Saturday, July 14, 2012

Pauperis Sors

86     -     87     -     88

Pauperis Sors
Pauper sum, quid tum? Num vis odisse nocentem
   Nil tibi? Crimen habet sors mea; vita caret.

Source: Hugo Grotius (1583-1645), Anthologia Graeca, vol. I. The Greek poem is attributed to Pallas. Meter: Elegiac. Note the parallel construction in the second line: Crimen habet sors mea; vita [mea crimine] caret.

The vocabulary is keyed to the DCC Latin Vocabulary list. All the words in this poem are on that list:

careō -ēre -uī: lack (+ abl.)
crīmen -inis n.: verdict, accusation
habeō habēre habuī habitum: have, hold
meus -a -um: my
nihil, nīl: nothing; not at all
noceō nocēre nocuī: harm
num: interrogative particle implying negative answer
ōdī ōdisse: hate
pauper -eris: poor, lowly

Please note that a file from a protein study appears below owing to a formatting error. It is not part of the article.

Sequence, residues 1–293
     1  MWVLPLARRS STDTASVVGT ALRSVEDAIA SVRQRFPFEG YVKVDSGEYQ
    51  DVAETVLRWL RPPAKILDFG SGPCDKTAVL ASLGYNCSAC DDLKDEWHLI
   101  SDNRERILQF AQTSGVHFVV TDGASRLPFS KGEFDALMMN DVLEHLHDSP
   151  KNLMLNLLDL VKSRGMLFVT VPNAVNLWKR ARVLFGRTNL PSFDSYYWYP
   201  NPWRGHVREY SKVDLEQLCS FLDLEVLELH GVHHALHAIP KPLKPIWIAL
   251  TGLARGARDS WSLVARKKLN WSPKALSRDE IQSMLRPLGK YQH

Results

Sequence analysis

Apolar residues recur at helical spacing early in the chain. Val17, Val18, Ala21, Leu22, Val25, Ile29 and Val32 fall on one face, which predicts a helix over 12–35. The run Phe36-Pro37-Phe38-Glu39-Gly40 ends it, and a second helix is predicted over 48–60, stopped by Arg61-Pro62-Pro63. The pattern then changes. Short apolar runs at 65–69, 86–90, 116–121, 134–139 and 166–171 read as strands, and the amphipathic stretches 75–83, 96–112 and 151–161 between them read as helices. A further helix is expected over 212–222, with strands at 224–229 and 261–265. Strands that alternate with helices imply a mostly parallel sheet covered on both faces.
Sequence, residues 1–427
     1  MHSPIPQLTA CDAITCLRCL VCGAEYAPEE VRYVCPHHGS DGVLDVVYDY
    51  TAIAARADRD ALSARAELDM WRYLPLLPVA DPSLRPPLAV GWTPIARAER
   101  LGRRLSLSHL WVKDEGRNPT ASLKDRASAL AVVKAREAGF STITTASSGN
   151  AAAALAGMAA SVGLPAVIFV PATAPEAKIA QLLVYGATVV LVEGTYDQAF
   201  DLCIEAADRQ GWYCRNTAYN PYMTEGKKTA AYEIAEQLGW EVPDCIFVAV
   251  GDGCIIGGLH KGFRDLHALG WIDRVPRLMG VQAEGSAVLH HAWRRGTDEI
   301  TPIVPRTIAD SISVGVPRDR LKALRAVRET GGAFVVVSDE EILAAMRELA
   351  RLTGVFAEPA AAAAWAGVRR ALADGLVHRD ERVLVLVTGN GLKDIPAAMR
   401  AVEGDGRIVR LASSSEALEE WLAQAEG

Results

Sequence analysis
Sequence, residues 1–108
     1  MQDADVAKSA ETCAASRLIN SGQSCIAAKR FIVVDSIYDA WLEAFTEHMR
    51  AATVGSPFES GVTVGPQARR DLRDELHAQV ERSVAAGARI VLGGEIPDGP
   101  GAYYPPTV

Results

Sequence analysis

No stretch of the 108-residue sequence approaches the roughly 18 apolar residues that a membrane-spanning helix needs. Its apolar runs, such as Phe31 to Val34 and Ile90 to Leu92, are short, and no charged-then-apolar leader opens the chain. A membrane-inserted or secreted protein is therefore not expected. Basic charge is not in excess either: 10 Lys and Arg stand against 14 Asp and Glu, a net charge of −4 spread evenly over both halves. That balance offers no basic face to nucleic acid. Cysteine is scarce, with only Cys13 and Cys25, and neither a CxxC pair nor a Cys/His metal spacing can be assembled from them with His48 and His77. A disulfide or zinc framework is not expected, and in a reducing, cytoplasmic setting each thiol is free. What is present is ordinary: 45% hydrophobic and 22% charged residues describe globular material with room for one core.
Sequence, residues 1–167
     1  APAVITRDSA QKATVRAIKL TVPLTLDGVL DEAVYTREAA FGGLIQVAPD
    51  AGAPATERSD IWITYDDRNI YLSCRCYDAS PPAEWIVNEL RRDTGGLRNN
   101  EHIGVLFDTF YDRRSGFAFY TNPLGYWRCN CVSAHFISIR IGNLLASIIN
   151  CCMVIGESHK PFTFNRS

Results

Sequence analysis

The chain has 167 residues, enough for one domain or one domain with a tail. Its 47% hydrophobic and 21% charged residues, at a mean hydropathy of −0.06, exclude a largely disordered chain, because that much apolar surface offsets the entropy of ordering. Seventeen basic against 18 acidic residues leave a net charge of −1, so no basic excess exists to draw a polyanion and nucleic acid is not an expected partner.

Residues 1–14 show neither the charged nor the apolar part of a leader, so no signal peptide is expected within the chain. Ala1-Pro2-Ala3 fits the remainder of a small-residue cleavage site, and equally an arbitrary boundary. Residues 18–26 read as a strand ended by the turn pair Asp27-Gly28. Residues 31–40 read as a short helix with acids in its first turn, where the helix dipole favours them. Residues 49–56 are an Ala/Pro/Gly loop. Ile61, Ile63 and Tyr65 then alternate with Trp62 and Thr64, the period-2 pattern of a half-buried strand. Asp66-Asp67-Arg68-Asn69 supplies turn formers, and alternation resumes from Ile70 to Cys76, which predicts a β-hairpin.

qui quae quod: who, which, what / quis quid: who? what? which?
sors sortis f.: lot, fate, destiny; oracle
sum, esse, fuī: be, exist
tū tuī tibi tē: you (sing.)
tum or tunc: then
vīta -ae f.: life
volō velle voluī: wish, be willing

The Poor Man's Lot
I am a poor man (pauper sum), what then? (quid tum) Surely you don't want to hate (num vis odisse) someone who harmed you in no way? (nocentem tibi nil) My lot in life (sors mea) is to blame (habet crimen); my life lacks any blame (vita caret).

Pauper ~ sum, quid ~ tum? Num ~ vis o~disse no~centem
   Nil tibi? ~ Crimen ha~bet | sors mea; ~ vita ca~ret.

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